Striking a Perfect Fit in Leadership Style for Effective Farmer Training in Botswana

Striking a Perfect Fit in Leadership Style for Effective Farmer Training in Botswana

Flora M. Tladi (University of Botswana, Botswana)
DOI: 10.4018/978-1-5225-9621-9.ch012
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Botswana since pre-independence days prides itself with decades of experience in development planning supported by structural frameworks comprising networks of institutions at central government and village levels responsible for leadership and coordination of affairs. Unfortunately when problems arise, development planners focus on the structural frameworks alone disregarding the leadership powering development planning at different structural levels and diverse stakeholder dynamics at play. Therefore, re-structuring is always the common solution even though not necessarily the best intervention. The trend is noted with farmer training whose program organization has for 79 years undergone cycles of re-structuring. The chapter argues for a holistic evaluation approach to always check the fit between the leadership style and whether the power processes at the different structural levels are in synch. The chapter advocates for well aligned leadership style with structural frameworks and recommends a leadership style that can be a perfect fit for effective farmer training.
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Case Background

The general view of leadership is that of a process through which employees are influenced to work willingly towards achieving organisational goals. Leaders at all levels in the organisation use the influencing process to communicate ideas and gain acceptance of them, inspire followers to support and implement the ideas through change. Once supportive interpersonal relationships develop between leaders and followers, organisations are sure to succeed in realizing their missions (Du Toit et al., 2011).

Leadership style actually anchors on the influencing process and therefore affects communication, employee morale and their input to improving work processes, setting of goals, productivity, and the whole organisation’s effectiveness. Leadership style is a critical facilitator in the achievement of organizational goals, at the same time enabling personal growth and development. Characteristics such as trust, reputation to deliver on promises, having satisfied customers, ability to attract and keep talented employees, being result-oriented, having output exceeding that of competitors, adaptability to change, and informative performance management systems describe effective organizations (Root lll, 2014; Singh et al. 2008).

In the case of farmer training, the organization of concern is historically that of agricultural extension whose services are a common feature of administrative structures of change in rural areas. Leadership is an essential process in the organization of agricultural extension. In fact, the mandate of extension is educational leadership and change (Khalil et al. 2008; Morse et al. 2006).Agricultural extension services in partnership with farmers are responsible for directing development programs and change in rural areas. The purpose of the services is mainly to develop farmer training programs that will not only increase local food, but also increase farmer income and the sustainability of agricultural practices. This is to ensure that farmers have the most current information on how to grow food efficiently and economically; they must have knowledge of new techniques and technologies above all to increase their level of productivity (Rosegrant & Cline, 2003).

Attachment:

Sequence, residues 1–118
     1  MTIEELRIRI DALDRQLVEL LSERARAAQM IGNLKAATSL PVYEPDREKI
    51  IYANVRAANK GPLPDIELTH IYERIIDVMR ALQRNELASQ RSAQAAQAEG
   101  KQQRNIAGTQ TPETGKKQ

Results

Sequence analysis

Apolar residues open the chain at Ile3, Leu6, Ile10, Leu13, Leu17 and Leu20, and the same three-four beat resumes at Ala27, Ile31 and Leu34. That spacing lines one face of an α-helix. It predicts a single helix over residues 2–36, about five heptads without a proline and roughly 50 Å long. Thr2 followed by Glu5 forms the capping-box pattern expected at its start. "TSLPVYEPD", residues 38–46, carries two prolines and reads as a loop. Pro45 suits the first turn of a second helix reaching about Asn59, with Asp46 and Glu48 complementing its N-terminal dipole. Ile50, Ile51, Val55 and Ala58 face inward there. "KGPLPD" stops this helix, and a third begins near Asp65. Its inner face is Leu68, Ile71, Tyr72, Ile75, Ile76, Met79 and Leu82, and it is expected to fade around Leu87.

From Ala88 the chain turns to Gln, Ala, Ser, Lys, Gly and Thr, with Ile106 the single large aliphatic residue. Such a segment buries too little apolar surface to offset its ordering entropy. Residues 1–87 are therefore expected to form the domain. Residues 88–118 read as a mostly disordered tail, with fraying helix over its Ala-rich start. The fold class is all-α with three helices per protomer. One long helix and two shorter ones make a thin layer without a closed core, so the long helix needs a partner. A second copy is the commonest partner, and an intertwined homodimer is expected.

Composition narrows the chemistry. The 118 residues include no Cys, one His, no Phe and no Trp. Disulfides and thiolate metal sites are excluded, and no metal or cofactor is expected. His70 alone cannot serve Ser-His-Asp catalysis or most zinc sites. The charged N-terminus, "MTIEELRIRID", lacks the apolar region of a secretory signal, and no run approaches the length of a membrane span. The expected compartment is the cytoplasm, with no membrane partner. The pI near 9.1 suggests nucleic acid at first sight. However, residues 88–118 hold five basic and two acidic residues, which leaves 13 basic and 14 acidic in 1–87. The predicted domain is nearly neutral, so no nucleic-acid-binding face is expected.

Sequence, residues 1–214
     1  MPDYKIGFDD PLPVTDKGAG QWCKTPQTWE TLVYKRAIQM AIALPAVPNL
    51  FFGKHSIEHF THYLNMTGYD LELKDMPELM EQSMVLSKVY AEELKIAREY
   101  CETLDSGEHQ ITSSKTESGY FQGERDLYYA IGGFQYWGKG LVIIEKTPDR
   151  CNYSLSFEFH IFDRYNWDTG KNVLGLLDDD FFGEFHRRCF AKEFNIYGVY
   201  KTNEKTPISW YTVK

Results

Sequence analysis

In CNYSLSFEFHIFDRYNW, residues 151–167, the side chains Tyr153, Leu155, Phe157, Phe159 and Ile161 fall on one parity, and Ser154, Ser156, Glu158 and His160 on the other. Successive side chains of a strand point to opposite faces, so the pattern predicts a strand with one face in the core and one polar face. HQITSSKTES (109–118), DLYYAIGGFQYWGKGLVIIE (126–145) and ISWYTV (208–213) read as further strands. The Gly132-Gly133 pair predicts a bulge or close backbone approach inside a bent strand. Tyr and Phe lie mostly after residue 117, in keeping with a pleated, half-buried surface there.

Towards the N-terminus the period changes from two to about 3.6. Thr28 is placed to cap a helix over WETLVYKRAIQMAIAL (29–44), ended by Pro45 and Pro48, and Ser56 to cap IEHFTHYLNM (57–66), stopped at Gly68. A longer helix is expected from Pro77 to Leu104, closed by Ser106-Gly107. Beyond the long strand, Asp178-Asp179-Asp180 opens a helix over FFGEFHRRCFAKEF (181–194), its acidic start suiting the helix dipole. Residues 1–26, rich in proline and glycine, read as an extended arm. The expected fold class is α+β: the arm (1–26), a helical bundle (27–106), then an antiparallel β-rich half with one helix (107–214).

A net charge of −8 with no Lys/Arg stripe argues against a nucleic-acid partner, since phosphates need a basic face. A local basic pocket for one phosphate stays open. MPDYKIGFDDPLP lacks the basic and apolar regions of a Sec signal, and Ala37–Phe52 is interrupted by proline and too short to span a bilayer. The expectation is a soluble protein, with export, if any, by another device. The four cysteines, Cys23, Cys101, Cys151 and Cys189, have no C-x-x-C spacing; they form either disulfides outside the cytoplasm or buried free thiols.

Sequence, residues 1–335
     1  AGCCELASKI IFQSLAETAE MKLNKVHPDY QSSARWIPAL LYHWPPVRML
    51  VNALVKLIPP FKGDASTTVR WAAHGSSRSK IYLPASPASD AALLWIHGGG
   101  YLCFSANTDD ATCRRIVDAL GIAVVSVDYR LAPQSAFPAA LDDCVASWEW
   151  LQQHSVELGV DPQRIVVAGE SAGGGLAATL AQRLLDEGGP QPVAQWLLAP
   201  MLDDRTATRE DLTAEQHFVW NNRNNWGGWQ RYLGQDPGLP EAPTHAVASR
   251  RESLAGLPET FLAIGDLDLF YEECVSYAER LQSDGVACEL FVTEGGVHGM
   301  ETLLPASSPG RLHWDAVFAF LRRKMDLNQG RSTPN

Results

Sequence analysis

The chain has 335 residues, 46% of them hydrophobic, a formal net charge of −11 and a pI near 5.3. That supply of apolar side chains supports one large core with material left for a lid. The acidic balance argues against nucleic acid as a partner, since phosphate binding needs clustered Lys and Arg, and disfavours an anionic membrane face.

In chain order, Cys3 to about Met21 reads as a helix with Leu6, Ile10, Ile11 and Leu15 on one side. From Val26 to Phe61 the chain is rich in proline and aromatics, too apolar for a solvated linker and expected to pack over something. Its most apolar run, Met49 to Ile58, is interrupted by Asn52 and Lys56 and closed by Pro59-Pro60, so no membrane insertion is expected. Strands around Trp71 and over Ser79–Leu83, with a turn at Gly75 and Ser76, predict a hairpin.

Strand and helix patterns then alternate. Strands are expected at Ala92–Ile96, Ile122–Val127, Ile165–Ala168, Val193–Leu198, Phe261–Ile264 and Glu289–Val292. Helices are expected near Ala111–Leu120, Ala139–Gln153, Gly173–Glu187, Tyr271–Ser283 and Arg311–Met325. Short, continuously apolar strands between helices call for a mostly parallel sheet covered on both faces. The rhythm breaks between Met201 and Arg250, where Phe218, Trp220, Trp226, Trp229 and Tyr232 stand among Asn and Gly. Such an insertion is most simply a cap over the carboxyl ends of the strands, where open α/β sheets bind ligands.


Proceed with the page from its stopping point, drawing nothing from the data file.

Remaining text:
An extension approach that succeeds in providing the right training and therefore, increased food production exists when the right fit of leadership style is maintained throughout program planning and implementation. This is the leadership style that accommodates change and promotes collaborative action by multiple and diverse groups such as farmers who are key to successful operation of an extension system (Morse et al. 2006). Other forces that need factoring into the leadership process are globalization, its challenges, and impact on the role of agricultural extension (Karbasioun et al. 2007; Toness, 2001). The leadership style therefore, should cultivate an environment enabling extension systems to operate like learning organizations in response to inevitable changes in their work environments (Ladwig & Rohs, 2000). Learning organizations respond timely to work changes and they are quick to learn, adapt, and change accordingly (Noe, 2010).

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